Weekly weather: mild conditions to break for cold temperatures midweek
The start of the week will see little change as mild conditions continue but it will become cold and more unsettled from midweek onwards, with a risk of frost at night.


Rain and drizzle will develop along west and southwest coasts by early afternoon. According to Met Éireann, these showers will extend eastwards during the afternoon and early evening, but amounts will be small. Maximum temperatures 7°C to 10°C.

Tonight, will be generally mild and mostly dry with patches of drizzle. Temperatures will drop to a minimum of 3°C to 7°C and it will be coldest where any breaks in cloud occur. This is most likely in inland parts of Munster and south Leinster.


Conditions will continue mild and mostly dry, with a few bright spells. Overall it will be cloudy with a little mist or drizzle, mainly along Atlantic coastal countries. Maximum temperatures 8°C to 11°C.

Winds will be southerly on Tuesday night and it will remain mild and mostly dry. However, more persistent rain will develop in those Atlantic coastal counties.


Rain will extend gradually eastwards across the country during the morning. It will be followed by brighter conditions, with sunny spells, during the day. Showers will begin to move in from Atlantic coastal areas, becoming heavier and more frequent later, with a risk of hail, mainly along west and northwest coasts.

It will be mild at first, but it will turn gradually colder, as southerly winds veer west to northwest in direction. Maximum afternoon temperatures 6°C to 9°C degrees.

The night will be dry in most areas, with clear intervals, but scattered showers will occur, mainly along northern, western and southwestern coasts. It will be very cold, with widespread frost as minimum temperatures fall to -2°C to +2°C. It will be coldest in the eastern half of the country.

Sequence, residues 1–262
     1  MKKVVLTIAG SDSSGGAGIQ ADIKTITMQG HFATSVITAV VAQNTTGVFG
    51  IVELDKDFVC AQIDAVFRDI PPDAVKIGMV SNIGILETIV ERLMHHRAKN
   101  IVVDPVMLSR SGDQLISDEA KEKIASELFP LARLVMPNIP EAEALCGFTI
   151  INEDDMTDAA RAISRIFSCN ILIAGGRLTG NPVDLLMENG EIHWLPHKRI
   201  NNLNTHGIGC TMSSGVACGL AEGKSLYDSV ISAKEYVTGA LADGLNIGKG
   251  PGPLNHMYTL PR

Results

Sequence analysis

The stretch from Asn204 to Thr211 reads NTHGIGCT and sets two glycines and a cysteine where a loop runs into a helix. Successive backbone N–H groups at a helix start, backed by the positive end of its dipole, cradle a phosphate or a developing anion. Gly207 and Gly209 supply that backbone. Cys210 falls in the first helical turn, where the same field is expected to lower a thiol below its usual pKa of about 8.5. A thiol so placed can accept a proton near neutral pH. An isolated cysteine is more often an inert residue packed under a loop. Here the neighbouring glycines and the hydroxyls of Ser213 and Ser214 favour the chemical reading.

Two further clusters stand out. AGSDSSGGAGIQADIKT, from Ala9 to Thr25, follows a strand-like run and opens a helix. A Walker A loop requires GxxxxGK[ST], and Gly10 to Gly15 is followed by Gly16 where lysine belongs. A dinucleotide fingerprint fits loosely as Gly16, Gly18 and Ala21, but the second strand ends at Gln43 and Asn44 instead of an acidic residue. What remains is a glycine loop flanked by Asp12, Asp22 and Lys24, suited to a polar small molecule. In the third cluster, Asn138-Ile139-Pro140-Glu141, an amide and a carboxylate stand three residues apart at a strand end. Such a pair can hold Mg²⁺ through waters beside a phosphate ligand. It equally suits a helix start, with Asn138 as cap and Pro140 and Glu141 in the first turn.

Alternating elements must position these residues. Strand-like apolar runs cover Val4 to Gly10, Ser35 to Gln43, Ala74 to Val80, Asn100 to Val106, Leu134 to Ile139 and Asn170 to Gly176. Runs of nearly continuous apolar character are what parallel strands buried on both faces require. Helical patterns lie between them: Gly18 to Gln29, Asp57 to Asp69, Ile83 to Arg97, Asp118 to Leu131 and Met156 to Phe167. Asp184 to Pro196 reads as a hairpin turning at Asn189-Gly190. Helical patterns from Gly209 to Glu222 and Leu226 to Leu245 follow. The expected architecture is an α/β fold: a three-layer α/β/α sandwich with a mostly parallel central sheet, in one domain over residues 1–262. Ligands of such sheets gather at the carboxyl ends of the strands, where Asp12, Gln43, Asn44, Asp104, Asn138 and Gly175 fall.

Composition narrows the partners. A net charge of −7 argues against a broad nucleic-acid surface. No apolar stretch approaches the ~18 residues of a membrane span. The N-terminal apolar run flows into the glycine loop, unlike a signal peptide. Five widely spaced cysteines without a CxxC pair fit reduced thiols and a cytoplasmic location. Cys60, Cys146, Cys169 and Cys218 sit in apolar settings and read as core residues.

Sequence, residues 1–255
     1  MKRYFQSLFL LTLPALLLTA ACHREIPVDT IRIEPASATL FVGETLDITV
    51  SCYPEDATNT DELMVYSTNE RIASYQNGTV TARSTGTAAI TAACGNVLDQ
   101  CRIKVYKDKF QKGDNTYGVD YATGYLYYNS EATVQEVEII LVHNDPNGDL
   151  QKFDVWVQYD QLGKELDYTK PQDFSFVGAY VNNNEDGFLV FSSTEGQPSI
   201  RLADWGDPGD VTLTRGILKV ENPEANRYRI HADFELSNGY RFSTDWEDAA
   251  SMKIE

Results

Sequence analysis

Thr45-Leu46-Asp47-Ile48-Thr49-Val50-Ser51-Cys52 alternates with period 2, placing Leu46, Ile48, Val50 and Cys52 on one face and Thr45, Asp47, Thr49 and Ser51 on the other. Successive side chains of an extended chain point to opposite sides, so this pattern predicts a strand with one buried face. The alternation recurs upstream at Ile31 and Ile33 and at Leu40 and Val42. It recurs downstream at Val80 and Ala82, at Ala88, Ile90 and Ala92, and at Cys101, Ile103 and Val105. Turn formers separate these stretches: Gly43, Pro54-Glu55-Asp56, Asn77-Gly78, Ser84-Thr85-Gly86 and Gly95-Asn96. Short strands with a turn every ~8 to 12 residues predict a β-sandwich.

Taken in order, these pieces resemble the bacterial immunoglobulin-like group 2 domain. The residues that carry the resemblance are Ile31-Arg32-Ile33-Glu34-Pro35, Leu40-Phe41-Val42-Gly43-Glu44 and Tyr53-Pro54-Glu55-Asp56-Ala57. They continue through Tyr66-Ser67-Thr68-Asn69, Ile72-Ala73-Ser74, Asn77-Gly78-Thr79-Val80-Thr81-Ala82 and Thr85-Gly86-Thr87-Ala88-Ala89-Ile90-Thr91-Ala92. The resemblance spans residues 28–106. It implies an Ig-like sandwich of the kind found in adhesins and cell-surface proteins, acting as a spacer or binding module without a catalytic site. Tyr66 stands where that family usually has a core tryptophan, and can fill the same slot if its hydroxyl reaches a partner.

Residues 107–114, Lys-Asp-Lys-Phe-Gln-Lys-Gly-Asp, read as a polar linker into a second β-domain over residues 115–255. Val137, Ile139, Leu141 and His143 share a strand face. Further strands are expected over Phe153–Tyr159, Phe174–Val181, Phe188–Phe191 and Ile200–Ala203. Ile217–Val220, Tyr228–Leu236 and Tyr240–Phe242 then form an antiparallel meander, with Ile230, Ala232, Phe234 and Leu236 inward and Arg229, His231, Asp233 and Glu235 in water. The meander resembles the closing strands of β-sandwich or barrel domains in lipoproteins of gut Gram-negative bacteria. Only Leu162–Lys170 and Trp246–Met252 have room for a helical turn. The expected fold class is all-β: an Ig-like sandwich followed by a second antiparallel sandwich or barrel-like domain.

Early indications suggest that Thursday will be mainly dry as cloud cover increases gradually. It will be very cold with maximum temperatures of 4°C to 7°C.

It will turn even colder overnight, with a risk of sharp frost where breaks in cloud occur, especially in the north. Minimum temperature of -3°C to +3°C. .


Early indications from Met Éireann suggest that it will remain quite unsettled and changeable, with a good deal of cloud and some rain or sleet at times. Still quite cold, with a risk of frost at night where breaks in cloud occur.

Farming forecast


The last few weeks have been relatively very dry across the country. The last week has seen rainfall amounts ranging between 2.2mm on the southeast coast to 16 mm on northwest coasts. This equates to between 4% and 26% of normal rainfall.

The weather will remain settled up to and including Tuesday but indications are that an active cold front will move down early on Wednesday bringing rain and introducing colder more unsettled weather.

Rainfall totals over the next week are expected to range from around 40% and 70% rising to 75% along Atlantic coasts.


The last few weeks have been very mild for the winter season. Over the past 14 days, mean temperatures have been between 7°C and 10°C. Most places were over degrees.

These sorts of figures are 2°C to 4°C above normal.

It will remain relatively mild up to and including Tuesday, with no significant frost at night. There are now strong indications that it will turn colder during Wednesday and overnight and will remain cold up to and over next weekend. Temperatures over the next seven days are expected to be below average.


While the weather has remained settled it has been quite dull. Sunshine amounts over the past week ranged between just 20% of normal on west and southwest coasts and little or no sun in some inland parts of Connacht.

Sunshine amounts will remain below normal up to and including Tuesday next, but are likely to recover a little from midweek, but still below normal.


Drying will be variable over the next few days, but often poor or moderate at best due to a lot of cloud overall.

For spraying there will be will be few, if any opportunities.